DAYTON, Ohio (WDTN) – The traditional light bulb is out and new, more energy-efficient bulbs are in, and what sounds good for the environment might not be all good for the consumer.
One consumer, Gery Deer, took his burned out bulb to 2 NEWS Investigates. “We’re popping this into our lamp like an ordinary light bulb and it’s not. It has its problems and people should know about them,” said Deer.
Deer says he was quick to jump on the energy-efficient bulb bandwagon, but now he’s not so sure all because of what happened to a compact fluorescent bulb in his home.
“I can smell ozone, I can smell burning plastic and a little bit of hot ceramic and I’m used to those odors from my testing days,” Deer told 2 NEWS Investigates.
Deer says he used to test prototype oven ranges under safety guidelines, so he knows the smell of something gone wrong. The bulb was cracked, discolored, and melted.
Deer says one day he turned on his kitchen lights and stepped away for a minute. When he came back, it was dark. The bulb had burned out.
Deer said, “This isn’t just a diode going out with a little whiff of smoke which they tell you is supposed to happen. That is too much.That is something escaping the casing of the device. To my mind that’s unsafe.”
The bulb is a GE Helical 20 watt bulb complete with the familiar UL mark which means the product has been tested for safety, fire hazards, electric shock hazards, and mechanical hazards.
2 NEWS Investigates sent a photo of the bulb to the consumer safety director of UL, Underwriters Laboratories near Chicago.
John Drengenberg responded, ” What we’re seeing in the picture of this particular compact fluorescent light bulb is nothing unusual. This is the way they end their life. This is a newer technology. We consumers have to get used to it.”
But the manufacturer of the bulb, General Electric, says this is not typical, such discoloration is rare.
GE’s Lighting spokeswoman, Megan Lavelle, sent 2 NEWS Investigates the following statement:
All GE consumer lighting products comply with all federal, state and international safety requirements. We value our customers and take their concerns very seriously. We conduct rigorous testing of our light bulb products; our CFL bulbs are independently tested by Underwriters Laboratories, and many of our consumer products are tested by other independent labs for major retailers in the U.S. While the vast majority of our light bulbs burn out in an ordinary manner, in rare cases, a CFL bulb can become discolored at the base of the bulb at the end of its useful life, or earlier if damaged. If this happens, the CFL is designed to help ensure a safe failure. You can contact our customer service team, 1-800-435-4448, to report any questions or concerns with our product. As part of our continuous improvement efforts, we appreciate receiving all consumer feedback to help ensure the highest quality performance from our lighting products.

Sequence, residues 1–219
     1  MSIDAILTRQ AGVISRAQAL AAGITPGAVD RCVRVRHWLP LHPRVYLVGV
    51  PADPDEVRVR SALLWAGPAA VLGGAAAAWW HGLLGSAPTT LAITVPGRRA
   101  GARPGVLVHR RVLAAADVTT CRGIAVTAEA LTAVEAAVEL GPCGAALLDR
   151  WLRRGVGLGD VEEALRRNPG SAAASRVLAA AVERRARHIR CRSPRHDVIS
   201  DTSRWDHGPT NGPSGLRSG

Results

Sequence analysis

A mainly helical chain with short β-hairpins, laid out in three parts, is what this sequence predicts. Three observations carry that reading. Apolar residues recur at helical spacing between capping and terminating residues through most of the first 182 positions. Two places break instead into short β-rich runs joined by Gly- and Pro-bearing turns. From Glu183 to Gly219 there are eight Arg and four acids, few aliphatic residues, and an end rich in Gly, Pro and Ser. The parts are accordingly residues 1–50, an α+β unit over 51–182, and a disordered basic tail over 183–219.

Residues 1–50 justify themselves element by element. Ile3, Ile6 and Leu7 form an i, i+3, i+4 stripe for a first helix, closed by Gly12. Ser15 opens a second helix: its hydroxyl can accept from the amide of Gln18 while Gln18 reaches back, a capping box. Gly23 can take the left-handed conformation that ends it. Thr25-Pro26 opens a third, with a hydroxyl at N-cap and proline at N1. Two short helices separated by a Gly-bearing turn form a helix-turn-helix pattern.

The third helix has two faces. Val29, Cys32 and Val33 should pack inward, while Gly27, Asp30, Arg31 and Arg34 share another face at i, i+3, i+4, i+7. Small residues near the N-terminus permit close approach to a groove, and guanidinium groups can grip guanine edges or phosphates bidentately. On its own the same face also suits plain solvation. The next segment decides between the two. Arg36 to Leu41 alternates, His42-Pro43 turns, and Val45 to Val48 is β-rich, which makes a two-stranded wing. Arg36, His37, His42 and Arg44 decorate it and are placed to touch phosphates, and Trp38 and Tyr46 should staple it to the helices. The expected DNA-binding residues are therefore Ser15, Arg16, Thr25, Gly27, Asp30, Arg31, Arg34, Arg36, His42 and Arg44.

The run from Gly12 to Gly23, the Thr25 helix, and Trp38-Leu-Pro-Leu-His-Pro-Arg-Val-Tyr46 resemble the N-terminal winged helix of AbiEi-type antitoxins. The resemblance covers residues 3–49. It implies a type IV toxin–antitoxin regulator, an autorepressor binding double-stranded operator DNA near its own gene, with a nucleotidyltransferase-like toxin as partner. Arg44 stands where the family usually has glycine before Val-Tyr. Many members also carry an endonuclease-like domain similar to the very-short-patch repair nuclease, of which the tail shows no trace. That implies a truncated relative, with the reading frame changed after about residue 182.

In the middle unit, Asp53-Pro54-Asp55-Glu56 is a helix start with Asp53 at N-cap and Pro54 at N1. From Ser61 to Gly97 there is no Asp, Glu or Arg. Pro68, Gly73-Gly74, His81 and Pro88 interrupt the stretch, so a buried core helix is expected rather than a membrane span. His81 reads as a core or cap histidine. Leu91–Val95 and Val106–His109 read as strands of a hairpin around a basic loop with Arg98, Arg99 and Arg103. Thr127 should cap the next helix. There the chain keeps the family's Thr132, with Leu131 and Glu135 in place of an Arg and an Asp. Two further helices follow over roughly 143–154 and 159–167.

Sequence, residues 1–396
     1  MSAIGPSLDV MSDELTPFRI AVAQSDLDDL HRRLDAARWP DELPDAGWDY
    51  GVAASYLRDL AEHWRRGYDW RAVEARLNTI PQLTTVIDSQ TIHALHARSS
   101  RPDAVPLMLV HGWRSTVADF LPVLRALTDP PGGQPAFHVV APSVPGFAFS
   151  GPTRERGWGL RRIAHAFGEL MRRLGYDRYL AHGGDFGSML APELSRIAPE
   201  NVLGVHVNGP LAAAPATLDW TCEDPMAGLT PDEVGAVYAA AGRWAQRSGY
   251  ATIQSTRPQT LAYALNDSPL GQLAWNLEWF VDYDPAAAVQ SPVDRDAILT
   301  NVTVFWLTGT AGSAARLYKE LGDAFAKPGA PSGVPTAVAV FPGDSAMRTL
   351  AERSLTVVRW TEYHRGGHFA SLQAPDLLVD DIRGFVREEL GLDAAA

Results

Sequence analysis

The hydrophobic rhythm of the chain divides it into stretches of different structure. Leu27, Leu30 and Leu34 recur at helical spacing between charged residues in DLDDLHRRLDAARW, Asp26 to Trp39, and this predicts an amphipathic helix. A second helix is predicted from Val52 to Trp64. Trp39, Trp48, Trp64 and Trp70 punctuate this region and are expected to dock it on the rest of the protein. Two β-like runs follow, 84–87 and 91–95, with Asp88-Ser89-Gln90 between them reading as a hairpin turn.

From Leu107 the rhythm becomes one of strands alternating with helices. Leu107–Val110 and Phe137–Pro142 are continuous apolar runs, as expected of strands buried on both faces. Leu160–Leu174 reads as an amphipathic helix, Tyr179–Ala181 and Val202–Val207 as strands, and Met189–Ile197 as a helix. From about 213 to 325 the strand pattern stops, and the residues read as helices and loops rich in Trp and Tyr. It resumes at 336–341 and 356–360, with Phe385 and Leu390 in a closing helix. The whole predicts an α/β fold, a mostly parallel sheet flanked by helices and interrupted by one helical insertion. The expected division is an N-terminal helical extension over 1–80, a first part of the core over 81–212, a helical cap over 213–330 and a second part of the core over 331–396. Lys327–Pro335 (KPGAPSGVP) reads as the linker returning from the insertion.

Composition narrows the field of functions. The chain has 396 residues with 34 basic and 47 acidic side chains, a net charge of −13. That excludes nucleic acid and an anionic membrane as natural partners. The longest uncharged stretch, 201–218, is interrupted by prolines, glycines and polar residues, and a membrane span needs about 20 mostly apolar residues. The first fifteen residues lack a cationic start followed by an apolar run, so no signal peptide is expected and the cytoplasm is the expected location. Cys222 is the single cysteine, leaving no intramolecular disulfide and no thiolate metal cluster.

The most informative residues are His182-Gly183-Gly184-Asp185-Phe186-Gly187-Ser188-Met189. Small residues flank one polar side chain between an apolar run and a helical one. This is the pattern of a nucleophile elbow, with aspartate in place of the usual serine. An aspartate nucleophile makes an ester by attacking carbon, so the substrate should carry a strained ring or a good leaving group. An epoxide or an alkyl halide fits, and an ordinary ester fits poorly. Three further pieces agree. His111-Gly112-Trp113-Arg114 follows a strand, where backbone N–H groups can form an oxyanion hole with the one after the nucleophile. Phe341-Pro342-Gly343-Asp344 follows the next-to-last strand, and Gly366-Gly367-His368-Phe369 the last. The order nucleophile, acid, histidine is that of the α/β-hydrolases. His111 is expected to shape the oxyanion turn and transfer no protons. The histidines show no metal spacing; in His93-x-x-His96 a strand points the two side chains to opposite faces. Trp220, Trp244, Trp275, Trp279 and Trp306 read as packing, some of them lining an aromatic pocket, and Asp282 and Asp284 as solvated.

Lavelle said from the photo it looks like an example of a safe failure, but consumers do have their concerns. 2 NEWS Investigates found a website with more than 140 complaints about GE light bulbs, among them comments about CFLs smoking, shooting flames,and melting.
YouTube videos also exist of bulbs from various manufacturers that look like Deer’s.
2 NEWS Investigates took Deer’s bulb to the Director of Corporate Communications for Dayton Power & Light, a company that is handing out and discounting CFL bulbs because they are considered energy savers. DP&L doesn’t do any of its own testing.
Pam Elliot: Look what happened in his kitchen fixture, that melting. Have you seen anything like that before?
Mary Ann Kabel: No, but he might want to go to electrician to see if the circuitry in his home may have something to do with this. It’s not with the bulb, but I would definitely check the circuitry in his home.
Pam Elliot:So something like an incandescent bulb would not have necessarily been a problem, but this might, in the circuitry because he didn’t have any problems before is what I’m saying with the incandescent bulb. You wouldn’t know?
May Ann Kabel: I would just have him double-check with an electrician.
So Pam Elliot showed the bulb to Jeff Bonham of Jeff Bonham Electric.
“No, there’s nothing wrong with the circuitry necessarily because the circuitry is outside it. Ok, you’ve got a hot wire and a neutral coming into a socket. And that’s all attached here. If there let’s say a problem in the socket, you’d see burn marks here. All the problem is up here in the actual light bulb,” Bonham told 2 NEWS Investigates.
Bonham recommends skipping CFLs altogether and buying LED bulbs. LED stands for light emitting diodes. They cost more, but he considers them safer because they don’t contain mercury and they don’t give off ultraviolet radiation like CFLs do.
Pam Elliot: But this is a household item, Jeff. It’s like buying toilet paper. Shouldn’t it be already safe or at least clearly marked? Jeff Bonham: It should be, you’re absolutely right.
But, there are no warnings on Deer’s CFL bulb about fires, mercury, or UV exposure, only warnings about electrical shock due to water and using the bulb in luminaires controlled by a dimmer. The boxes don’t appear to caution consumers much either.
“My favorite line in all this, it’s even highlighted in a different color it says, ‘anywhere you can use an incandescent light bulb.'”
UL stands by its stamp.
Drengenberg said, “We’ve seen this happen. We’ve heard about them. We’ve done investigations on them and found this is just the way they burn out.”
This is a burning issue that is not going to go away, and GE told me the company wants to hear from you if you have any problems with its products. You can call 1-800-435-4448.
You can still find incandescent bulbs on store shelves, but once they’re gone they’re gone. The U.S. says they can’t be manufactured or imported anymore.